Morgan Morgan - 3 months ago 11
Python Question

Files not being received correctly when sent through sockets over LAN

I am trying to build an application that will send files over wireless LAN through the Python 3.4 socket module. It appears to be able to send files within one workstation, but when attempting to send files between two computers on the same network, the computer only appears to receive the first few thousand bytes, the amount dependent on the total size of the file when sent.

For example, a 127 byte file was sent with no issues, but of a 34,846 byte file, only 1,431 or 4,327 bytes were received (only these two numbers of bytes seemed to be received, seemingly randomly switching between the two) and of a 65,182 byte file, only 5,772 or 4,324 bytes were received (the same situation). From looking at the contents of the received files, it appeared that it was the first few bytes that were received.

Both systems have free, accessible RAM exceeding 2GB and sufficient storage space. The server is being run on Windows 8.1, Python 3.4.2, and the client is Ubuntu 14.04 Linux, Python 3.4.0.

My code may be piecemeal and generally poorly written, as I am a beginner without a formal computer science education or any notable experience, especially in network programming. However, I have rooted through the code and racked my brain with no clear solution presenting itself.

Server (Host):

import os
import socket
import struct
import time
import hashlib

def md5(fname):
hash_md5 = hashlib.md5()
with open(fname, "rb") as readFile:
for chunk in iter(lambda: readFile.read(4096), b""):
hash_md5.update(chunk)
return hash_md5.hexdigest()

try:
s = socket.socket()
host = socket.gethostname()
port = 26
s.bind(("0.0.0.0", port))

filename = input("File to send? ")

fileLength = os.stat(filename).st_size
print("Length:", fileLength, "bytes")
fileLengthBytes = struct.pack(">L", fileLength)

filenameBytes = bytes(filename, "ascii")
filenameLength = struct.pack(">L", len(filenameBytes))

checksum = md5(filename)
checksumBytes = bytes(bytearray.fromhex(checksum))

s.listen(5)
while True:
c, addr = s.accept()
print("Connection from", addr)
c.send(checksumBytes)
time.sleep(0.1)
c.send(filenameLength + fileLengthBytes)
time.sleep(0.1)
with open(filename, "rb") as f:
c.send(filenameBytes + f.read())
c.close()
finally:
try:
c.close()
except NameError:
pass
except Exception as e:
print(type(e), e.args, e)
try:
f.close()
except NameError:
pass
except Exception as e:
print(type(e), e.args, e)


Client (Recipient):

import socket
import struct
import hashlib

def md5(fname):
hash_md5 = hashlib.md5()
with open(fname, "rb") as readFile:
for chunk in iter(lambda: readFile.read(4096), b""):
hash_md5.update(chunk)
return hash_md5.hexdigest()


CHECKSUM_LENGTH = 16

try:
s = socket.socket()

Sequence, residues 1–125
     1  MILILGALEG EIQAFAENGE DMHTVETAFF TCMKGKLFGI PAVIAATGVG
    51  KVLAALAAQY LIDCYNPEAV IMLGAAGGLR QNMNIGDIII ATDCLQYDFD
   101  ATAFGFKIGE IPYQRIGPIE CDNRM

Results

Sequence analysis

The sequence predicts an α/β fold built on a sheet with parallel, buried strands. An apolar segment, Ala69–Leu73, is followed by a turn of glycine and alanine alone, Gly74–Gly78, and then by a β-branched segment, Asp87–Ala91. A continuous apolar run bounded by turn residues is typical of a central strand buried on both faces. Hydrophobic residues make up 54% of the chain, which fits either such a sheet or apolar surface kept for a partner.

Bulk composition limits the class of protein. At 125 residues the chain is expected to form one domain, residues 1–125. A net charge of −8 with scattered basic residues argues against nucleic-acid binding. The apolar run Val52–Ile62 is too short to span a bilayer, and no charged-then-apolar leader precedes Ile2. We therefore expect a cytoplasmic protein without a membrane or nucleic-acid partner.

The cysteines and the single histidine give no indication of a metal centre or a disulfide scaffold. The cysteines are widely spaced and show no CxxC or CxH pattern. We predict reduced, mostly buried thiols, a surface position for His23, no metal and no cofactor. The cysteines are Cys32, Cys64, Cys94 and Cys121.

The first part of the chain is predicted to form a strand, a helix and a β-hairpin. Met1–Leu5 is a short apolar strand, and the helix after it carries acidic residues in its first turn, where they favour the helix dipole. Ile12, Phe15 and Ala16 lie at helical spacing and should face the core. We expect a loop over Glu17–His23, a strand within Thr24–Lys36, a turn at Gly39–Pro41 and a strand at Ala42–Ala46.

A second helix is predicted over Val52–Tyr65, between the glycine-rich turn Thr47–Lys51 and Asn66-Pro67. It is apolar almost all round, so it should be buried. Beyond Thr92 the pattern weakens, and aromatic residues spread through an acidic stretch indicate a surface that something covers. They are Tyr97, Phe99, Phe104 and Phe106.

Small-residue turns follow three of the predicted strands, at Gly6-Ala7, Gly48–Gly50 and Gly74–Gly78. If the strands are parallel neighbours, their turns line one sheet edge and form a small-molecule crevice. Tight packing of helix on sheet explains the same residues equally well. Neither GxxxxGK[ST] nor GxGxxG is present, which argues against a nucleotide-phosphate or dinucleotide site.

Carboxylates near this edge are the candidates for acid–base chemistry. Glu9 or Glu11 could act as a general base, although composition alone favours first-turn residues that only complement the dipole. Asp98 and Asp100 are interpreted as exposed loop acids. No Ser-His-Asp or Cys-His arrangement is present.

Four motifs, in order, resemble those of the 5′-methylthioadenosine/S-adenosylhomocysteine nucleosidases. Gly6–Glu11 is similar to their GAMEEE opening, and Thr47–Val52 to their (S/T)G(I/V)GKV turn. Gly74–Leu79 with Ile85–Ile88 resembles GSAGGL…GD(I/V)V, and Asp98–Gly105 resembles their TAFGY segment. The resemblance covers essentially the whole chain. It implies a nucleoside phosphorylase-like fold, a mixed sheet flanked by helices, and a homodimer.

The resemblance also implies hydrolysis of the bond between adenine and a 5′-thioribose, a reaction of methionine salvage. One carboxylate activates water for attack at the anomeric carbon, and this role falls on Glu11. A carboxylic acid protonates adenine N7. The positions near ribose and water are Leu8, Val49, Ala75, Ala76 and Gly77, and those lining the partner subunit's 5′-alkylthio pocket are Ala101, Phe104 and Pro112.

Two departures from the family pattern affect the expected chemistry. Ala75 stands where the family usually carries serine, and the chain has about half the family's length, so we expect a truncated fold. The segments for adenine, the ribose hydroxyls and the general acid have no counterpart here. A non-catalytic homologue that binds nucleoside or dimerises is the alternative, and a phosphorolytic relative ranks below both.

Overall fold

host = socket.gethostname()
port = 26

ip = input("Connect to IP: ")

s.connect((ip, port))

initialChecksum = s.recv(CHECKSUM_LENGTH)

received = s.recv(8)
# 1st 4 bytes: filename length
# 2nd 4 bytes: file contents length

filenameLength = struct.unpack(">L", received[0:4])[0]
fileLength = struct.unpack(">L", received[4:])[0]
print("Length:", fileLength)

bytesToReceive = filenameLength + fileLength
receivedBytes = s.recv(bytesToReceive)

filename = str(receivedBytes[0:filenameLength], "ascii")
f = open(filename, "wb")
f.write(receivedBytes[filenameLength:]) # Write file contents
actualChecksum = bytes(bytearray.fromhex(md5(filename)))

if initialChecksum == actualChecksum:
print("Fully received", filename)
else:
print(filename, "not received correctly")
finally:
try:
f.close()
except NameError:
pass
except Exception as e:
print(type(e), e.args, e)
try:
s.close()
except NameError:
pass
except Exception as e:
print(type(e), e.args, e)


I am aware that the
md5
function that I use doesn't appear to work for small files below, I assume, 4 kilobytes.

Where is the problem? How can it be solved? Am I missing something important?

Answer

You are receiving only the first few packages of the transmission. This is because the s.recv() will receive the bytes that have reached the client already, but at most the number given as argument. On a local machine the transmission is fast, you will receive more.

To get all parts of the transmission you should collect all bytes until the expected length has been reached.

A very simplistic approach would be something like:

buffer = ''
while len(buffer) < bytes_to_receive:
    buffer += s.recv(1500)

1500 is the typical LAN MTU and a good value to get at least a full package. The code given is only a simple example for Python 2 to explain the concept. It needs to be refined and optimized and, if you are using Python 3, adapted to bytes.

Comments